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Do It Illegally!


There is a new Recording Industry Association of America (RIAA)-awareness army sporting brightly colored matching t-shirts across campus and asking students to “Do It Legally.” I can relate to these girls – they’re in a public relations class, just as I was not so long ago, and they were given a client and an assignment which they’ve taken on enthusiastically and dutifully: to work with the University of Georgia’s Committee on Digital Media Downloading to “inform UGA students that illegal downloading is an unacceptable behavior and to promote legal downloading alternatives.” Even though I had a bit of a conniption reading the words “illegal downloading” (shudder), I couldn’t turn down an invitation to their panel discussion on media downloading featuring local music industry types, students, musicians, University officials and telecomm professors all weighing in on the controversial debate.

Problem is – there was no debate, and there were no answers. To give you an idea of the limited scope of the discussion, here’s the bulleted synopsis as posted on the Do It Legally blog (www.uga.edu/doitlegally):

  1. UGA tries to protect its students from the RIAA’s lawsuits.
  2. The RIAA is flawed in its handling of illegal downloading, but that doesn’t change anything.
  3. The RIAA sees college students as influential.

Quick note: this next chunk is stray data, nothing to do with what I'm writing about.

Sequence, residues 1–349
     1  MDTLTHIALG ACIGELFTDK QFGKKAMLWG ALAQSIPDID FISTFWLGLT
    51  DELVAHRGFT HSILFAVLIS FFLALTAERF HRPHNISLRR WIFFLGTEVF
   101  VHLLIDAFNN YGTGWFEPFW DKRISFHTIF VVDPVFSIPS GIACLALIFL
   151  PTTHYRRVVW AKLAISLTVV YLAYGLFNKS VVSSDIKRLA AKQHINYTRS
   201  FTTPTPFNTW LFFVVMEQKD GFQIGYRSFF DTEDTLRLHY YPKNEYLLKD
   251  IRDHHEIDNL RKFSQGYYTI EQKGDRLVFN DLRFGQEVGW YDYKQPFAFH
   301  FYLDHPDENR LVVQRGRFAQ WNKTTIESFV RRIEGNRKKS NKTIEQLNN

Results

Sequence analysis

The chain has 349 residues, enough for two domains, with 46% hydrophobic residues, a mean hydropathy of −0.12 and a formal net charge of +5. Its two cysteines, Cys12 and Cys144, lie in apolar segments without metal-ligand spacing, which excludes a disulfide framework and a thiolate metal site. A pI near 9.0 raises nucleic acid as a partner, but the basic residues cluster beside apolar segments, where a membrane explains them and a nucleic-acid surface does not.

Kudos to the University for number one, and I think number three is obvious enough, but it’s number two that really hurts.

What the group is trying to say is basically, “Hey, wrong or right, the RIAA can and will sue you for downloading free music – so ‘do it legally.'” I am all about awareness – I don’t want kids paying a cent to the RIAA either – but why is the impetus on the consumer to bend to the status quo? What if we took this stance with more pressing social issues? If a company is enforcing racist or prejudiced policies, we don’t tell the victims, “Hey, it’s wrong, but that’s how it is – so deal with it.”

OK, I understand that’s an inflated metaphor and kids downloading Shakira tunes are hardly victims, but my point is that the music industry’s current business model is failing atrociously. Sales are declining, labels are crumbling, and in the midst of the tumult, tech-savvy music fans are getting sued for millions in some far-fetched fear-mongering attempt to reel in control. It’s absolute chaos. What we should be saying – as consumers, as activists, as music fans, as musicians – is: “The music industry in general is flawed in its handling of music distribution – and that changes everything.”

First, let’s be frank about what the RIAA’s role actually is. It’s operating under the guise of being this benevolent artists’ union, out to protect the musicians’ best interests when in fact, it does not represent artists – it represents labels. Joe Guitarist isn’t protected or affiliated with the organization, and neither is any other independent, unsigned artist. Heck, even the artists who are signed to RIAA-affiliated labels aren’t getting much support. As of press time, not one cent of the estimated $400 million the RIAA has received in its lawsuit settlements has been paid to the artists… but I digress.

I will admit that digital distribution (I refuse to call it “illegal downloading” because there are an infinite number of blurred fair use practices that get caught in the mix that I feel ought to be protected consumer behaviors – despite what the RIAA’s lawyers say) has had a detrimental effect on the current business model, but I am not blaming the consumers. This isn’t your fault, 60 million peer-to-peer users. This is the nature of advancing technology and its effect on our capitalist market. The current decline of the music industry is simply and unequivocally an issue of scarcity – not piracy.